Rome, 24th May, 1608.
May 27. Original Despatch, Venetian Archives. 257. Marco da Molin, Venetian Governor in Zante, to the Doge and Senate.
Reports the arrival of grain ships from Toulon, England and the Archipelago.
Zante, 27th May, 1608.
May 27. Original Despatch, Venetian Archives. 258. Ottaviano Bon, Venetian Ambassador in Constantinople, to the Doge and Senate.
Simon the Dragoman reports that the ship “Balba,” which was captured by pirates and taken to Navarino, has been fitted out as a corsair. On sailing from Navarino she was wrecked off Coron. At Navarino they took out of her all the corn and cotton that remained after they had lightened the ship to save her from a gale (che gli restarono dal libò che gli fece per salvarsi da un gran fortuna). Everything was ruined by these ruffians. The Dragoman could recover nothing.
As regards the ship “Liona,” Balsamo has handed the whole business over to the supercargo of the ship. The officials of the Morea who decline to obey any royal orders, banded together, and Simon, and the few who were helping him to recover the goods, had to think of their own lives first and foremost.
The Ambassador is highly dissatisfied with Simon and reports him as unfit for his post.
He lodged a formal complaint with the Lieutenant Grand Vizir and the Capiagà, pointing out the damage done by armed pirates, Turks and English, in Algiers; and also owing to the favour and protection the pirates found in the Morea from the Turkish officials. He declared that if steps were not soon taken the Morea would be worse than Barbary.
Mustapha Aga Casnadar has arrived at the Porte from Venice, France and England, on board the English galleon.
Dalle Vigne di Pera, 27th May, 1608.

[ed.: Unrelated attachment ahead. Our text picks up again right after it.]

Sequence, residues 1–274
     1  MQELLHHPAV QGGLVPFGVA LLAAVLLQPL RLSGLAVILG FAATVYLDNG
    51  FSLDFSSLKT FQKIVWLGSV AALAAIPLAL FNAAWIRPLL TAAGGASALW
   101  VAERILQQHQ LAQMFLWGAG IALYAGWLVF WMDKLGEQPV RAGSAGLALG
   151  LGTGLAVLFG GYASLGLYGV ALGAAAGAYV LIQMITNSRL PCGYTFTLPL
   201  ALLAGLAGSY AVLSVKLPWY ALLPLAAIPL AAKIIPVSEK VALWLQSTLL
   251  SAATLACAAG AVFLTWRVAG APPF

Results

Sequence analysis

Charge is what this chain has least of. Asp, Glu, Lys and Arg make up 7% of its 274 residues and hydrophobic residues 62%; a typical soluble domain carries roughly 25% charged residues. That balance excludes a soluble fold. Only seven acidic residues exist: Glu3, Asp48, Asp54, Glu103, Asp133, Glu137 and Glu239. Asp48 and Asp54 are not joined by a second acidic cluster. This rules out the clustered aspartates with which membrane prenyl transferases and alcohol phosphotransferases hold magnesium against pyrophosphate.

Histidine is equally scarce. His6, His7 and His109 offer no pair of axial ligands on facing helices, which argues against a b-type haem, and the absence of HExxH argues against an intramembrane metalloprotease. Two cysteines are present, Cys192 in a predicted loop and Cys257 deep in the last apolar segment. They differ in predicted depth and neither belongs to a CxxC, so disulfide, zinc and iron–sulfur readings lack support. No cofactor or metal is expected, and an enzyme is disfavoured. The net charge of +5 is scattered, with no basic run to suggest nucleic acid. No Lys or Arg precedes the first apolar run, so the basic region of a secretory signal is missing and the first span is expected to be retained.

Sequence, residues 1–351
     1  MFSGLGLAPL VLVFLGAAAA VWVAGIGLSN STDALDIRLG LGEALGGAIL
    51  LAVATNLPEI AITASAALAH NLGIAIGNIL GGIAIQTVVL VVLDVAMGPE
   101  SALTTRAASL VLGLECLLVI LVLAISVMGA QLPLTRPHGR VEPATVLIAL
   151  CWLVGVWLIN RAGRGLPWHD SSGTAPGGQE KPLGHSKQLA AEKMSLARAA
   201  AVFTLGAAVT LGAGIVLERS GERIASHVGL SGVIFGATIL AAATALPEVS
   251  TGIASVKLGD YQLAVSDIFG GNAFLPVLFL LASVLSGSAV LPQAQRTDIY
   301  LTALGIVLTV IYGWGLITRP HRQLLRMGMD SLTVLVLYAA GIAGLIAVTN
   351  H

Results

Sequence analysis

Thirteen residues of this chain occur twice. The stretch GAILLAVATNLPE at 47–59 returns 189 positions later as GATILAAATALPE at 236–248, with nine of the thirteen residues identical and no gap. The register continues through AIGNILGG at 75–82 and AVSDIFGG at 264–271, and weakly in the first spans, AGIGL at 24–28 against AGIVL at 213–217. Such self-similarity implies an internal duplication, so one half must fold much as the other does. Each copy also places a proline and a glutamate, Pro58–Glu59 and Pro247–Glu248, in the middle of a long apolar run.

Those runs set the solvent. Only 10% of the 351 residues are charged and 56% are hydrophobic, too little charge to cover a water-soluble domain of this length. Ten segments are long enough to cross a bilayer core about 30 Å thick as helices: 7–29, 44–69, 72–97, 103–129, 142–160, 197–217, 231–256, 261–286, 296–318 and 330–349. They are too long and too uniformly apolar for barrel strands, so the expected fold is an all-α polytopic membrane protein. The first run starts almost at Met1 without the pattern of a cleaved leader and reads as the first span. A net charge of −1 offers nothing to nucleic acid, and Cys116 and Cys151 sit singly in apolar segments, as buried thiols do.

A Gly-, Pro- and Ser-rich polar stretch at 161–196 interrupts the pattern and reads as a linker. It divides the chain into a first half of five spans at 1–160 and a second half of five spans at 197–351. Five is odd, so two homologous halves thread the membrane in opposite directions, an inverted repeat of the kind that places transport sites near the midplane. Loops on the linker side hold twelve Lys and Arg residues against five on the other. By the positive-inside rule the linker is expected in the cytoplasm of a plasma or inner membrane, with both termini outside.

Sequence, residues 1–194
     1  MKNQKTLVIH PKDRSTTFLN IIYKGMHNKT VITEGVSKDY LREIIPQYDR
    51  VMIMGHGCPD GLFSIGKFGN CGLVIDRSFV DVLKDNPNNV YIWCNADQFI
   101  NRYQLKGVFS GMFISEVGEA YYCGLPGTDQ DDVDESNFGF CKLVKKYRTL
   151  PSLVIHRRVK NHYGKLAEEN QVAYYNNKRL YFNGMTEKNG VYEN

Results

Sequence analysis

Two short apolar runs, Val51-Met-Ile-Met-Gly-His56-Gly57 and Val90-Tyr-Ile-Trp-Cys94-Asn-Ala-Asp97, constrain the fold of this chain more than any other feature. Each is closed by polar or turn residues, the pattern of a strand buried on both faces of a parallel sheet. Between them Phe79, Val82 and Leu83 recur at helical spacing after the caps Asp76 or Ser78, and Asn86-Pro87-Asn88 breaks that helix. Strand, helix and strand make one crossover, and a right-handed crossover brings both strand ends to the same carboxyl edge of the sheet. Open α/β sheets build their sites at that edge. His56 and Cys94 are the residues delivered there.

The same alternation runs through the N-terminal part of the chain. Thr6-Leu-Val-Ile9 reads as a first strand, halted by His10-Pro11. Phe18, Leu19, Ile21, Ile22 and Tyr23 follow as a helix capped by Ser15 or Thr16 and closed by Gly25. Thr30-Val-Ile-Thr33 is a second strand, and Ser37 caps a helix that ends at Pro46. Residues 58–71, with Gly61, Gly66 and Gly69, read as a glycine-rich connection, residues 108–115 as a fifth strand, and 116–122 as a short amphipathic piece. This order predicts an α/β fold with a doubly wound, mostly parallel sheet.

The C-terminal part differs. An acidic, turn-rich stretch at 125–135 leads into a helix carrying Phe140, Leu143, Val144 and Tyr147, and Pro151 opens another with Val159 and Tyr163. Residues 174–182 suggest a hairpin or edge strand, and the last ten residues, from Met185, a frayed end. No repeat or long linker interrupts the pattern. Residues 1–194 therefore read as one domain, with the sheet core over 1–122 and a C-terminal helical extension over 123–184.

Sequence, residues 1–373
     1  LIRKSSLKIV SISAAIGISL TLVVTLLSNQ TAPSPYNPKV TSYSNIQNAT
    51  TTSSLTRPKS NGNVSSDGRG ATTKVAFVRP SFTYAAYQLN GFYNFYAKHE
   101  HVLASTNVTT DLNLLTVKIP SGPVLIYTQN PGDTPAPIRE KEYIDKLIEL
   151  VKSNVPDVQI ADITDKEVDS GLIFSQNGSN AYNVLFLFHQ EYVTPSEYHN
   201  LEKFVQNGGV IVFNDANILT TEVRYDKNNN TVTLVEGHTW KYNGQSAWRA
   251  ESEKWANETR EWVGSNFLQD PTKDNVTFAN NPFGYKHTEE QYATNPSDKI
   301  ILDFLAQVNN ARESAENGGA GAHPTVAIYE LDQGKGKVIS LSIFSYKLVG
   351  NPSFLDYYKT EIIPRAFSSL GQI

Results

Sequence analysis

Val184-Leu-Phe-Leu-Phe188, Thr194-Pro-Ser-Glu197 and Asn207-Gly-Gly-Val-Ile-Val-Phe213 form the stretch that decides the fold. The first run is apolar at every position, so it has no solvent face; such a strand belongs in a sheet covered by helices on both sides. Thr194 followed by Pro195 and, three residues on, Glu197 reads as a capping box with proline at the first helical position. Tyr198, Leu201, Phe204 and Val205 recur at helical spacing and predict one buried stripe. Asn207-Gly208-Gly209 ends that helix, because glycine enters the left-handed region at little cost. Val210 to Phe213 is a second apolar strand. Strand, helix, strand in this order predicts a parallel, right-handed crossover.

May 30. Collegio, Lettere. Venetian Archives. 259. To the Ambassador in England.
The parties interested in the stolen property which has reached England send enclosed in this despatch the proofs needed to show that the property belongs to them. Orders the Ambassador to continue negotiations.
Ayes 22.
Noes 1.
Neutrals 1.
Enclosed in preceding Despatch. 260. Most Serene Prince
The Ambassador resident in England has charged us, the parties interested in the cargo of the “Soderina,” to cause witnesses as to the nature of the cargo to be examined before the justices. We have done so, and now send the affidavit with the Magistrates' seal, begging your Serenity to forward it to the Ambassador.


  • 1. See Cal. S.P. Ireland, 1608, Nos. 896, 897; giving an account of Tyrone's reception in Rome “where the Pope publicly nourishes him.” He was met by members of the English College and Cardinals Montello, Farnese, Colonna, and Barberini. When he saw Sir Anthony Standen he said “Sir Anthony, it is better to be poor at Rome than rich in a prison in England.” He was lodged in the Palace where Sir Anthony Sherley stayed.
  • 2. See Gardiner 1, pp. 424–425, for an account of O'Dogherty's seizure of Captain Hart, the Commander of Culmore at the mouth of the Foyle, and the surprise of that fort. Cal. S. P. Ireland, 1606–1608, pp. 503–507.
  • 3. Thirty-six were hanged in sight of Zante. See Cal. S. P. Ireland, 1608–1610, p. 279.
  • 4. That was the Dutch argument. “Oceanum quippe nullis clausum cancellis ounctis patere.” See Motley op. cit. p. 410.
  • 5. Sir George Paulet, Governor of Derry.